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ERIC Number: ED210246
Record Type: RIE
Publication Date: 1981
Pages: 27
Abstractor: N/A
Reference Count: 0
Morality and the Schools. Occasional Paper 32.
Wicks, Robert S.
Moral contradictions and cross purposes in society make formal moral training in the schools difficult, if not impossible. Values clarification and school-wide programs of moral education are of questionable merit. Nevertheless, effective moral education is implicit in teaching the subjects that comprise good basic education. A mathematics teacher, for example, might encourage students to think of the ways data are gathered and organized. She might have a student discuss the moral implications of gathering information through computers. Science teachers might make students aware of the values that determine the way science is done--its openness to new formulations of reality, or the rigorous testing of theories before they are accepted. Engligh teachers have a wealth of material that provides models of human conduct, writing about conduct good and bad, and reflections on how people change as they gain insight, or suffer, or discover how their behavior affects the lives of others. History and social studies teachers might fill some of the gaps and omissions in the customary accounts of our past. They need to remind their students that what is chosen to be studied reflects a point of view that screens out more than it admits. The arts are one of the best vehicles for the transmission of values. For example, Golden Age sculpture and architecture provide a chance to teach the ancient Greek's moral vision of balance and proportion. It is morally imperative to bring young people and adults back together in cooperative association outside the classroom. (Author/RM)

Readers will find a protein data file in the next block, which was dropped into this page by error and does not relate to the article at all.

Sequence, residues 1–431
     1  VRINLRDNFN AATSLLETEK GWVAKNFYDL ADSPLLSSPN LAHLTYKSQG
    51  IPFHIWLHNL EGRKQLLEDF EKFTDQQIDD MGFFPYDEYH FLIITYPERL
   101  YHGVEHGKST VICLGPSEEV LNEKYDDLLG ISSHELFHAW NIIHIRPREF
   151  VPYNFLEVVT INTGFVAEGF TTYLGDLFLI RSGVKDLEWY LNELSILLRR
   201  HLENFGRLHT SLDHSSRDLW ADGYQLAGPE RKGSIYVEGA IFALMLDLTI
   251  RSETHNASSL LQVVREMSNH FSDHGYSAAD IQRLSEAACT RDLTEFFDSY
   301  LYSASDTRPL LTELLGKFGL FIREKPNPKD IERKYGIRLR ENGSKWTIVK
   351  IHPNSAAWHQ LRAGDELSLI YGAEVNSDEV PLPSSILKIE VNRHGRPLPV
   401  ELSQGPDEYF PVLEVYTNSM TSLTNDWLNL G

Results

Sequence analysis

Council for Basic Education, 725 15th Street, NW, Washington, DC 20005 ($2.00, quantity discounts available).
Publication Type: Opinion Papers
Education Level: N/A
Audience: N/A
Language: English
Sponsor: N/A
Authoring Institution: Council for Basic Education, Washington, DC.